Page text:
I recently attended the NY Turtle and Tortoise Society’s (always fabulous!) annual conference on turtle and tortoise care and conservation, and had a chance to catch up with friends and former zoo co-workers. I learned that certain UVB bulbs manufactured by Zoo Med have been used to achieve significant improvements in the health and (possibly) reproductive output of captive tortoises. Over the course of my career as a zookeeper and herpetologist, I’ve tried to convince my zoo colleagues to consider the promising reptile care products available in the pet trade. I was not always (or, perhaps, not often!) successful, but zookeepers were doing the same elsewhere, and progress was made. Today, many products favored by well-informed private herp keepers are also in use in the world’s leading zoological parks. In this article I’ll relate some interesting findings concerning the role of UVB bulbs and sunlight in the care of Radiated Tortoise (Astrochelys radiata) and other h
The conference I attended is a day-long event sponsored annually by my favorite turtle care and conservation organization, the New York Turtle and Tortoise Society; please check this website to read about their fine work…and to see photos from my recent presentation there. As in so many years past, legendary herpetologist Peter Pritchard graciously traveled to NYC to anchor the event.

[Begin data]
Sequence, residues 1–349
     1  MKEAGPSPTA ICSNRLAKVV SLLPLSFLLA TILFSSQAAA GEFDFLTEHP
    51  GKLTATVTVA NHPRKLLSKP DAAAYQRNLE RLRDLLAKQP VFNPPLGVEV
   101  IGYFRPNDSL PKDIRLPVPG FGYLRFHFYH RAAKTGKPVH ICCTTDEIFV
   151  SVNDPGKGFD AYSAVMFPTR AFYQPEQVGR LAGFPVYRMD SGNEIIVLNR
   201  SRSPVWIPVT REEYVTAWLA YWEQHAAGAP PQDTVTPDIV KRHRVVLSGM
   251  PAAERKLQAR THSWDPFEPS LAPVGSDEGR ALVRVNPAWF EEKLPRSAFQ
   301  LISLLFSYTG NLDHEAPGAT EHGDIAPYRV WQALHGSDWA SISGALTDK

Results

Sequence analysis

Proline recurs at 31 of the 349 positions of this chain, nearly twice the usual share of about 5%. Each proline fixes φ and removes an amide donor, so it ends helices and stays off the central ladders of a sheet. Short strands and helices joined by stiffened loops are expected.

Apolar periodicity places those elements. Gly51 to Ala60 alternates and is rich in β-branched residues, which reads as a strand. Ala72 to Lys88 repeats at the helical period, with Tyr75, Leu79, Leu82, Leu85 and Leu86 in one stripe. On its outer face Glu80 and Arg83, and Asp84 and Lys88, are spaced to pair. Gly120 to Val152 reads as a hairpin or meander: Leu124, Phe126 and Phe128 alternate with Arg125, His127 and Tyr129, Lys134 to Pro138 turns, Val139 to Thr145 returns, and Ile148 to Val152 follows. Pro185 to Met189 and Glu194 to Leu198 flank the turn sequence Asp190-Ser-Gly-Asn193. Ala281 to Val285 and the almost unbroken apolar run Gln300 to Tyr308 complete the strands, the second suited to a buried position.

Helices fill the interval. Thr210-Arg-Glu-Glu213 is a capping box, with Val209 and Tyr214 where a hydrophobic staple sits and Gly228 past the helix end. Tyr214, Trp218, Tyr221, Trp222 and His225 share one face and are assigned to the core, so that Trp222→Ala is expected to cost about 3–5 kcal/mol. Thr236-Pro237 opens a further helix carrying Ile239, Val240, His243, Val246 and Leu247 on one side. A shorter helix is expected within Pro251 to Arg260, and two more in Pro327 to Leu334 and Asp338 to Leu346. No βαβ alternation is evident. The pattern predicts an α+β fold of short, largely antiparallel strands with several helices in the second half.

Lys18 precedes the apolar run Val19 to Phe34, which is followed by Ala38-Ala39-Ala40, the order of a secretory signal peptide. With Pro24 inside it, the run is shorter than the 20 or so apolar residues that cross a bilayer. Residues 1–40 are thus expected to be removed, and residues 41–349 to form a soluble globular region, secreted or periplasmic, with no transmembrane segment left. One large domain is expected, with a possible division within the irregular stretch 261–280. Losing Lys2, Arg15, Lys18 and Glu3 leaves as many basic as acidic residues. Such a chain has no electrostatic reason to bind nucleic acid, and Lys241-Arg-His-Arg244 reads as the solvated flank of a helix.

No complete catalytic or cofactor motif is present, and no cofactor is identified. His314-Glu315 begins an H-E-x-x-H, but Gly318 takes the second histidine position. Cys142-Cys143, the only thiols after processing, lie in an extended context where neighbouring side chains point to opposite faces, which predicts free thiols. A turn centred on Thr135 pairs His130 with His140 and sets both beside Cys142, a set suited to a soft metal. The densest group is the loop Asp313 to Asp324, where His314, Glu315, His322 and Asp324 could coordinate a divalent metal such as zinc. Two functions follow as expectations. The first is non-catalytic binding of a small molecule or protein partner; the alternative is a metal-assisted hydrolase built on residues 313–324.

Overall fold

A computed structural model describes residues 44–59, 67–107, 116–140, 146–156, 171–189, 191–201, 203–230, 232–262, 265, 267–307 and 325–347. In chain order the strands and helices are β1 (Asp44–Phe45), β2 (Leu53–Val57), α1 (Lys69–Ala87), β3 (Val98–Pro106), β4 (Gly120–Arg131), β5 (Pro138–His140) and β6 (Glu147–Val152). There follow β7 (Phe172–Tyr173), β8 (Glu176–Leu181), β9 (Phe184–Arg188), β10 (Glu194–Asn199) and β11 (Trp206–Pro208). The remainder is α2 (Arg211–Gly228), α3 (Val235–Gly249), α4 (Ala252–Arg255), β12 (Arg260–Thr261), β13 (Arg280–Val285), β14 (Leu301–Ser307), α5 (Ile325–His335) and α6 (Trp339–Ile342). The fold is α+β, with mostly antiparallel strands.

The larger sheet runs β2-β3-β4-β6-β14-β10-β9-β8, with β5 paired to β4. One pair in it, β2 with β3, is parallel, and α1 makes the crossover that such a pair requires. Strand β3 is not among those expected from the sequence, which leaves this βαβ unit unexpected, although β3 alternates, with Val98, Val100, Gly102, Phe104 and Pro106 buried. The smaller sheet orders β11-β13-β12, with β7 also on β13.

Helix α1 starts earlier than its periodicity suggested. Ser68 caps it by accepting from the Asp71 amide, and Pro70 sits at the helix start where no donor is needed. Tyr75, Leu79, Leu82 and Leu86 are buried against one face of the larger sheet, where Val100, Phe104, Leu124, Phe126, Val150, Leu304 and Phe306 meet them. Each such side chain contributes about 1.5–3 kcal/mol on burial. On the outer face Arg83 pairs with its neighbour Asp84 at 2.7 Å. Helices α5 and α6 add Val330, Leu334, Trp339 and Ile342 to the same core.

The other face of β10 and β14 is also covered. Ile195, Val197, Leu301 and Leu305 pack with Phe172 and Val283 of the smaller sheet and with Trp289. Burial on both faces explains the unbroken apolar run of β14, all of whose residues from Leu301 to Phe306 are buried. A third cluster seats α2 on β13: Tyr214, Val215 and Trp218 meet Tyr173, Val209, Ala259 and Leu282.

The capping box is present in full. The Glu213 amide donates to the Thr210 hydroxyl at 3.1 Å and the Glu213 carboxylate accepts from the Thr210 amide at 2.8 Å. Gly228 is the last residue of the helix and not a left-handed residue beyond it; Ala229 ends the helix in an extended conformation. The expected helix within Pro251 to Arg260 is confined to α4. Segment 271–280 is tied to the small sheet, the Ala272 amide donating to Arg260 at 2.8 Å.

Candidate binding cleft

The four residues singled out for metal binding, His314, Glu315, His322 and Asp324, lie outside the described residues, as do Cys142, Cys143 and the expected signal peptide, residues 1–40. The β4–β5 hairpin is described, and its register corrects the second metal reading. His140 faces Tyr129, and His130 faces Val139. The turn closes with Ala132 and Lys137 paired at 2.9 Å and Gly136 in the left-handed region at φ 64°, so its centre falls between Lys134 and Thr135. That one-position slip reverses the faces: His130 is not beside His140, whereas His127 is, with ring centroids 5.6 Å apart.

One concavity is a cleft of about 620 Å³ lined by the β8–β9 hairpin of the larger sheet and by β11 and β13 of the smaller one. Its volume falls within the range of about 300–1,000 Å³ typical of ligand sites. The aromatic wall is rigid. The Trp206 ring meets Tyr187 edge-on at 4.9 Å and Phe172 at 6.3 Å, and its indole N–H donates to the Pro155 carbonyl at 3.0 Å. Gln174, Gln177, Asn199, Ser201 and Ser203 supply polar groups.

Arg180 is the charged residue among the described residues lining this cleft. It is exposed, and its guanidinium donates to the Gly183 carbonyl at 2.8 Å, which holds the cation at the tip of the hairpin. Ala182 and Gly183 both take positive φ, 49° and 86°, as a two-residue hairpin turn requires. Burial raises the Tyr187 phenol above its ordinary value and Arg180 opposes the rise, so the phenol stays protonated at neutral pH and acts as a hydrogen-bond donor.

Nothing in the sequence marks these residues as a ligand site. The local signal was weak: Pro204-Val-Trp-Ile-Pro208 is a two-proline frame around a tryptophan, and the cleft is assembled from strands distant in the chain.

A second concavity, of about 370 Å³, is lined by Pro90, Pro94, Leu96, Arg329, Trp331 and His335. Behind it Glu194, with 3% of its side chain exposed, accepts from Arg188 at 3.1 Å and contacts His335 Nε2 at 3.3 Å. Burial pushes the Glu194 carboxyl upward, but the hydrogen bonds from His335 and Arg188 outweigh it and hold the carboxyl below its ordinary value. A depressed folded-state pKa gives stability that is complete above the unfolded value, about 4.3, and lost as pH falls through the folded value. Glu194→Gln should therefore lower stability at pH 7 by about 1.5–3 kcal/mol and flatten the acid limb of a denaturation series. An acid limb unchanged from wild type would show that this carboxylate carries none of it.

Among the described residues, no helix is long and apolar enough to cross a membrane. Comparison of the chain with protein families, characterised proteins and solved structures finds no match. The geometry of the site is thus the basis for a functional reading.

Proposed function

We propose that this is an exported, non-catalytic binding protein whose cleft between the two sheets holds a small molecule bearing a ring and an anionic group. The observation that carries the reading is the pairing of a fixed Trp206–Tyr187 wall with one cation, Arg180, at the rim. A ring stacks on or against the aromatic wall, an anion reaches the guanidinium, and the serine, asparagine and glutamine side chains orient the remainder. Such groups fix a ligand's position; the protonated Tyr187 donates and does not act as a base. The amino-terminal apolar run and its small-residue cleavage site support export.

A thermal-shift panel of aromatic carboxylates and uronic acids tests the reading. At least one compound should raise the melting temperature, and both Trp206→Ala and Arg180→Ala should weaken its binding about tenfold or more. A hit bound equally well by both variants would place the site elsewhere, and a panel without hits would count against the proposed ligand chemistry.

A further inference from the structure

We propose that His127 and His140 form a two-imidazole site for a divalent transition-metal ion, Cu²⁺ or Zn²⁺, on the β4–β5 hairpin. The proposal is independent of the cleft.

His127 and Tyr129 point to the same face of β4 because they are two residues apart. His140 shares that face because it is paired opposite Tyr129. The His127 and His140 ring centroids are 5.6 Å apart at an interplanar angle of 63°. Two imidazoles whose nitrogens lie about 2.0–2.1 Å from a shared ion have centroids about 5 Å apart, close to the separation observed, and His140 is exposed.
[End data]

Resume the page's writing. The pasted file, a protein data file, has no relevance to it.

Through presentations and conversations, I learned that Zoo Med T5 UVB and Mercury Vapor Bulbs have proven useful in the care of Radiated Tortoises (Astrochelys radiata) and other heliothermic (basking) reptiles. When blood tests revealed low levels of circulating D3, the UVB bulbs in a large tortoise exhibit were replaced with those mentioned above. Florescent bulbs (the Zoo Med T5), which do not emit significant heat, were paired with mercury vapor bulbs, which produce both heat and UVB. This technique, useful for pets as well, assures maximum UVB exposure by drawing animals to a heat source. When possible, the Radiated Tortoises were also exposed to several hours of natural, unfiltered sunlight.
Research is ongoing, but the tortoises’ D3 levels are now at normal levels, and several previously-infertile females have produced viable eggs. I’m interested to see if the effects of the bulbs and the sunlight can be distinguished (nothing tops natural sunlight, of course).
Several Ringtail Lemurs that share the tortoise exhibit also became very fond of basking under the new lights…maybe some bright young researcher will be asked to look into sunscreen for non-human primates!
T5 and Mercury Vapor Bulbs
Zoo Med’s T5 Florescent Bulbs are available in two strengths and several lengths, and must be paired with T5 fixtures or hoods. They are rated to emit UVB over a distance of 22-24 inches, at levels that double the output of Zoo Med’s traditional bulbs (anecdotal evidence may indicate a greater range, but further work is needed). In situations where traditional bulbs will be adequate, Zoo Med’s standard 5.0 and 10.0 are good choices. One study found that they out-performed similar models (please see the article linked below). Both models provide UVA as well.
Zoo Med’s Powersun and Exo-Terra’s Solar Glow Mercury Vapor Bulbs broadcast UVB to a distance of 36 and 22 inches respectively, and also produce UVA and heat. In many home situations, they can double as a basking light and UVB source, eliminating the need for other bulbs.
Which Reptile UVB Bulb is Best?
Choosing a UVB source had once been easy – unfiltered sunlight was the only source (and it remains unmatched). By the time I began working at the Bronx Zoo, our choices had expanded to include “black-light bulbs” and Vita-Lights. Today a bit of forethought and research is needed before one goes bulb-shopping. Please post any questions or thoughts below.